Today we talk about how people bring science into their everyday lives and how certain facets of science become part of common knowledge. Kamal Fox, who holds an MA in Media Studies and teaches communications to engineers, and I quizzed several students on the McGill campus and asked them what they think about the sciences - what they had to say mirrors the complexity of our general relationship to science - we play those clips throughout the show. And Hannah Hoag, science journalist and former science graduate student, addresses where we get our science information, as well as the commonly understood divide between hating and loving science and between science and arts.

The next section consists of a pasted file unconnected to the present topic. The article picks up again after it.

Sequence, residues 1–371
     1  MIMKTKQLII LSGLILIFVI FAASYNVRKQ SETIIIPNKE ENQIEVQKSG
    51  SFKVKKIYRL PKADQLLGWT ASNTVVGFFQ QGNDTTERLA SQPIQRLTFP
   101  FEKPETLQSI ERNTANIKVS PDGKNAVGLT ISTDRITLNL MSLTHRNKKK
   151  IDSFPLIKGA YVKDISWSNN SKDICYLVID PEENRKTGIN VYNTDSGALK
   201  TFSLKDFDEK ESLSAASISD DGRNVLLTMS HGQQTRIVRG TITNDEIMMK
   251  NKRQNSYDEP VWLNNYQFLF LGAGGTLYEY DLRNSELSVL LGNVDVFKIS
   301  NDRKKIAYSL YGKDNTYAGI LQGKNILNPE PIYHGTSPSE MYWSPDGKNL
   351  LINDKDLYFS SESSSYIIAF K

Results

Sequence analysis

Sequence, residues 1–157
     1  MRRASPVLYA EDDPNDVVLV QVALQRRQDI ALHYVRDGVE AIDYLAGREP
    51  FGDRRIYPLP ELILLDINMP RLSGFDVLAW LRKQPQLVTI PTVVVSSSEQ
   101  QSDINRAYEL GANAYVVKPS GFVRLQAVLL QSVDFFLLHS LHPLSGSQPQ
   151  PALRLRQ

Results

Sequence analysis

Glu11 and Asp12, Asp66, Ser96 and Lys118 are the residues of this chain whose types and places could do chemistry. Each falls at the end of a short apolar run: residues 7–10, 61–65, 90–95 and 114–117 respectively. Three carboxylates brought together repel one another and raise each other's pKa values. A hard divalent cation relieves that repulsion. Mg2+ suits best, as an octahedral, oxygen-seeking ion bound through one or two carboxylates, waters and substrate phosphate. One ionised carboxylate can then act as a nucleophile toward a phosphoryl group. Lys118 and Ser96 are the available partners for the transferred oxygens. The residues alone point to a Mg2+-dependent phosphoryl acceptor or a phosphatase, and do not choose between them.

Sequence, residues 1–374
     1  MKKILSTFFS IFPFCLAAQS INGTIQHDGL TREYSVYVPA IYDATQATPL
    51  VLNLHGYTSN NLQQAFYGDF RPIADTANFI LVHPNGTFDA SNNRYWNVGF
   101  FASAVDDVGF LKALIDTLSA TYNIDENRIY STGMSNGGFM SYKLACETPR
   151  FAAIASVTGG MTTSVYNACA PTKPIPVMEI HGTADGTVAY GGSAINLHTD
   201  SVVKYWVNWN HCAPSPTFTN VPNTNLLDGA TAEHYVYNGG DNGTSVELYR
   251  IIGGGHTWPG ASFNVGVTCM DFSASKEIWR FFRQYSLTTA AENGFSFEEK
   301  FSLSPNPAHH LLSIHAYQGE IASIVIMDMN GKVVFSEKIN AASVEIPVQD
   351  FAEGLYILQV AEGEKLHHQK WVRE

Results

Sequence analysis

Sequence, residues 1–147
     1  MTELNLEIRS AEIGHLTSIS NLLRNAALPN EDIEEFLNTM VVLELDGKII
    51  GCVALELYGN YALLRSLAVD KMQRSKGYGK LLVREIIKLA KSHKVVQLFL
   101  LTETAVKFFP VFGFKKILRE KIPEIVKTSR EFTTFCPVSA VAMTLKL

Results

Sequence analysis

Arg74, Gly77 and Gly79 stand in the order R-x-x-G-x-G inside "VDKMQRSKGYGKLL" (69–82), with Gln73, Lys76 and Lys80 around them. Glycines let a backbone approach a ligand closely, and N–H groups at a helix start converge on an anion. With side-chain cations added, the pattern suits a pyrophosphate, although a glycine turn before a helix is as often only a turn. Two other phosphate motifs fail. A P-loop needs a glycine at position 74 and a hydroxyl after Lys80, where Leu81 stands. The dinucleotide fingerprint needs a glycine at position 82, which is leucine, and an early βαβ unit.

This divide in education obviously stems from a wider social divide though. For instance, I was listening to an episode of Tapestry where Ursula Franklin, Ph.D. in experimental physics, mentor to a generation of engineers and women in science, Companion of the Order of Canada, author, peace activist, and Quaker, generally brilliant person (and Canadian). She was responding to a question about how science affects our lives and our personal beliefs, Ursula Franklin on a recent episode of CBC’s Tapestry: “As I see it, all that science brings us, the inherently increased knowledge of the world around us, brings me to just knowing how little I know and how much more there is. But also, when you look at what science has brought from the cosmic to the molecular to the atomic – we’ve learned that nature works, and it’s amazing that nature works, we’ve learned that nature works frugally with a minimum of waste, and the products of nature are beautiful. Why would anyone think that any being of any form would be threatened or contradicted by the accumulating results of scientific inquiry? Then you can argue with scientists, what do you do with your knowledge? And that’s where I argue that my belief doesn’t allow me to make an atomic bomb but that’s not science, to me that’s the use, that’s society of which scientists are an integral part.”
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